Many in the patent community are singing the joyous news that the Patent Reform Act of 2007 is dead.
Recent events in Congress lead to this conclusion. The departure on May 1, 2008 of the former Solicitor of the U.S. Patent and Trademark Office, John Whealan, from his temporary position with Senate Judiciary Committee Chairman Patrick Leahy (D-Vt.) is a strong indicator that patent reform legislation will not pass in 2008.
Whealan’s departure was not the only sign that the bill is finished. On April 10, 2008, Senator Arlin Specter (R-Pa.), ranking minority member of the Senate Judiciary Committee, commented on the floor of the Senate that the Republican caucus may refuse to act on pending patent reform legislation “as a matter of leverage to get fair and equitable treatment” in regard to the confirmation of federal judges. On the same day, Senate Majority Leader Harry Reid (D-Nev.) stated that he was “disappointed we are not going to be able to move to the patent bill . . . we are not going to do a patent bill now.”
The two most controversial portions of the bill are the apportionment of damages and the Applicant Quality Submissions (AQS) provisions. The current damages apportionment provision in the bill provides for a reasonable royalty to be calculated based on the economic value attributable to an invention’s specific contribution over the prior art. This provision is opposed by the Bush Administration, the Court of Appeals for the Federal Circuit, and the PTO.
The AQS provision of the bill would burden patent applicants with a duty to search and describe the prior art in connection with filing an application. The patent bar vehemently opposes the AQS provision, while the Bush Administration and the PTO are strongly in favor of AQS.
Hal Wegner, a prolific commentator and former director of the intellectual property law program atGeorge Washington University Law School, suggests that the AQS provision “is a major reason why many in the patent community have moved away from Senator Leahy’s bill.” He also opines, “Indeed, it is hard to understand responsible members of the patent community supporting this provision.” A system similar to that of AQS has already been tested in the PTO’s accelerated examination program initiated in August 2006. According to PTO statistics, 85% of all petitions for accelerated examination during the first eight months of the program were dismissed or denied. This was for applicants who voluntarily elected to apply for accelerated examination. Although a portion of the failure rate may be attributable to the learning curve associated with a new program, the statistics do not bode well for the success of an involuntary AQS program.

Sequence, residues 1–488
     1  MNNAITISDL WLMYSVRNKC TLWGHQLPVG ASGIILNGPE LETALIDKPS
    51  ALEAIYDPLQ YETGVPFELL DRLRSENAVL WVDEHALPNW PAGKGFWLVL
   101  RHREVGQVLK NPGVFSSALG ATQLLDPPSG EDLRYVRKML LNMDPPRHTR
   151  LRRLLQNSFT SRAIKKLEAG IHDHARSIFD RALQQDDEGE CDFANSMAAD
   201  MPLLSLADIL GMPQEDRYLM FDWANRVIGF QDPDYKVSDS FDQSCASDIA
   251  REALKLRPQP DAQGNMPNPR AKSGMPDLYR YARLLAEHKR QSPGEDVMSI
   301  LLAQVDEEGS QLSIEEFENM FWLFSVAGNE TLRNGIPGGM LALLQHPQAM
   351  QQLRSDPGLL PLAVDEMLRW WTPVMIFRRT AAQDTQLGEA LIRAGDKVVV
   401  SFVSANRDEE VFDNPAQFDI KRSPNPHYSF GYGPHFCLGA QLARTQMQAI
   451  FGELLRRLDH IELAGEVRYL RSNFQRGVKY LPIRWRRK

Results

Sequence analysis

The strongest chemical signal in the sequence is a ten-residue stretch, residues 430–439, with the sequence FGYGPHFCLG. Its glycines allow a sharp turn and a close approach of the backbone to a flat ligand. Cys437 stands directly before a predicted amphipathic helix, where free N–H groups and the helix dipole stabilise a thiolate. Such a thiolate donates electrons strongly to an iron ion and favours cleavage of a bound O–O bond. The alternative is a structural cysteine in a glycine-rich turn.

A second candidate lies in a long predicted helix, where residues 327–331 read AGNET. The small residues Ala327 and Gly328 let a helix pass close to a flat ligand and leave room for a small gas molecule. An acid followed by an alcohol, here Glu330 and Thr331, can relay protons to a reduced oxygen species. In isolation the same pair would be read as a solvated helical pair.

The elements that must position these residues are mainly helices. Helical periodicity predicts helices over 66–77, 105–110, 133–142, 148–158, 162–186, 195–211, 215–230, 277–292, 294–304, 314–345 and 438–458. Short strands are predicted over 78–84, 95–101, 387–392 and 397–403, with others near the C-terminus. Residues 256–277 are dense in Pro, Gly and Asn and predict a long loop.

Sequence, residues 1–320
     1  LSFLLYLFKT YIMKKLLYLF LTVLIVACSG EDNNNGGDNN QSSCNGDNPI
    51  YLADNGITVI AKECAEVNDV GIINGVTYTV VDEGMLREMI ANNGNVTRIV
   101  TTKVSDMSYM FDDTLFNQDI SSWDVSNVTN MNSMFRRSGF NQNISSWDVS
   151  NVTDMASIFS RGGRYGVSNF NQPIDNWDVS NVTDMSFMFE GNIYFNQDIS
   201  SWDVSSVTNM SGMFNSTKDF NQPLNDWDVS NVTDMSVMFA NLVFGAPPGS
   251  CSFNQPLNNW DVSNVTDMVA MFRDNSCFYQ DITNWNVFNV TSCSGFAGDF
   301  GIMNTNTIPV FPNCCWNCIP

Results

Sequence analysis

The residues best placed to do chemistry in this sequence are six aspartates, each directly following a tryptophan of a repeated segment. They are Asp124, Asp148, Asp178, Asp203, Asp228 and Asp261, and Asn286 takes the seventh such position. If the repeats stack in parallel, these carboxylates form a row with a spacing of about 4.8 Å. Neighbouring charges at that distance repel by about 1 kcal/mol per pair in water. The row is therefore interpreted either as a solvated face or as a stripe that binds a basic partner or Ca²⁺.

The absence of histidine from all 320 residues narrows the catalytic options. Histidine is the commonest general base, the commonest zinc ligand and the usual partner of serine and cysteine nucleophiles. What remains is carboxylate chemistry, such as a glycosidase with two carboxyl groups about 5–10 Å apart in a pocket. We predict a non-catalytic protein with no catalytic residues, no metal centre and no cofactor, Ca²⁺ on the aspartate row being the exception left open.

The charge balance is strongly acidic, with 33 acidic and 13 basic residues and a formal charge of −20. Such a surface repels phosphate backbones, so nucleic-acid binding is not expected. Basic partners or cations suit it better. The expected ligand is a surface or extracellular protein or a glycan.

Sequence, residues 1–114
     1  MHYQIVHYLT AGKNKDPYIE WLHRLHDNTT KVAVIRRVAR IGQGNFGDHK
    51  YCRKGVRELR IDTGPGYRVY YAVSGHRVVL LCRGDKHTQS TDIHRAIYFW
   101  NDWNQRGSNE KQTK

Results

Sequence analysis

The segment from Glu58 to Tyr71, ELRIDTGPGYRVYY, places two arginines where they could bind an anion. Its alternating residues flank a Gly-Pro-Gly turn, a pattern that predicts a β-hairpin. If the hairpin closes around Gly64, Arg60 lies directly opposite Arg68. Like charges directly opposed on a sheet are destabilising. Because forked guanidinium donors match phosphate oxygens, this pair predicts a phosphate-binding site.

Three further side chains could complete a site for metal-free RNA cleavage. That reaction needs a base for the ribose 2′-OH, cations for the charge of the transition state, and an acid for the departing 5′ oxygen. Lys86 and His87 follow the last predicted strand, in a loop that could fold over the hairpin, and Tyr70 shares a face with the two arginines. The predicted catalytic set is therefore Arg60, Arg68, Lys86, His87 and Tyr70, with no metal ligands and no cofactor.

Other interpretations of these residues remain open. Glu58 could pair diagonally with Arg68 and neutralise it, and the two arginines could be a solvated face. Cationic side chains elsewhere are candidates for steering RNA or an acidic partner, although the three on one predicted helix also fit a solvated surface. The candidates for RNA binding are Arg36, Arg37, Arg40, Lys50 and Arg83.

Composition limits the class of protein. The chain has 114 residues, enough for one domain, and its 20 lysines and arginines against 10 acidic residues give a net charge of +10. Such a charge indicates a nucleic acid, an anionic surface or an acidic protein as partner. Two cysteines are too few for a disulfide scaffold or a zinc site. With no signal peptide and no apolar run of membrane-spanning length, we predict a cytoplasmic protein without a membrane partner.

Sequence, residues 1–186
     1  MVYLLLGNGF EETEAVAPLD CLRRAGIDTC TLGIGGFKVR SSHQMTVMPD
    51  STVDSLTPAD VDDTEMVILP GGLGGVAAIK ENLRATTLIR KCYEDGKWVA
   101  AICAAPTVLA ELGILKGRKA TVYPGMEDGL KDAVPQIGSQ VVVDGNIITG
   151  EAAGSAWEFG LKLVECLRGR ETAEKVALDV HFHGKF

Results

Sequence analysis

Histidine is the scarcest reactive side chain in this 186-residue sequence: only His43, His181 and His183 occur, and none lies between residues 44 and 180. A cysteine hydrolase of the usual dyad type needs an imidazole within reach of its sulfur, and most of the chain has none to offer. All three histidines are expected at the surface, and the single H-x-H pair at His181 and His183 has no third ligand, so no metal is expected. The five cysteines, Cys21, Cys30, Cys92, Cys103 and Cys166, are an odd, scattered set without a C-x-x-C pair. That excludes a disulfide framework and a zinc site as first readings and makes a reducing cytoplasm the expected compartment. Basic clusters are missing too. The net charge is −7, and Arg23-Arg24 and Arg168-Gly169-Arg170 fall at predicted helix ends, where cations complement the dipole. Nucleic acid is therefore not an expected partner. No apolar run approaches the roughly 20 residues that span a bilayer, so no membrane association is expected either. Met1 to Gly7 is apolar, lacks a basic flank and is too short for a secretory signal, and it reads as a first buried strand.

Almost a year ago, the PTO attempted to implement rules designed to limit the number of claims in a patent application to five independent claims and twenty-five total claims. The rules also limited the number of continuation applications that could be filed absent a showing of good cause. Although these rules were blocked by a permanent injunction on April 1, 2008 in the Tafas v. Dudas litigation in the Eastern District of Virginia, the Patent Reform Act provides for a legislative override of the permanent injunction. The PTO has also appealed the court’s injunction to the Federal Circuit. The PTO’s attempt to strong arm the patent community into accepting the new rules along with the PTO’s tireless lobbying for AQS has angered many in the patent bar.
Although the supporters of patent reform legislation promised on numerous occasions over the past several months that she would live, the witch is most sincerely dead. The year 2008 will probably pass without patent reform legislation. In any event, it is unlikely that the bill would be signed into law without major revisions.
This is not good news to the groups who lobbied Congress for patent reform. The Coalition for Patent Fairness, a group of technology companies desiring to limit the damage awards and legal costs associated with patent litigation, spent $2.5 million on lobbyists during the past fifteen months according to the New York Times. The group’s antithesis, the Coalition for 21st Century Patent reform, spent $1.8 million. Apparently, the groups were unwilling to compromise on the major portions of the bill as reflected by the inability of the Senators to come to an agreement.
Although the Patent Reform Act of 2007 may be dead, reform of the patent system will be proposed again. While change may be necessary to keep up with the times, change for the sake of change or to protect the special interests of lobbyists is not the solution. As noted by Abraham Lincoln: “The patent system . . . added the fuel of interest to the fire of genius, in the discovery and production of new and useful things.” Before making major changes to our patent system, we should encourage an open and honest debate about the best means for accomplishing a productive change. Otherwise, we could end up harming the very system that has led to unprecedented innovation during the United States’ short history.
Vincent Allen is a shareholder at Carstens & Cahoon, LLP. He focuses on the litigation of intellectual property disputes and the prosecution of patent and trademark applications.
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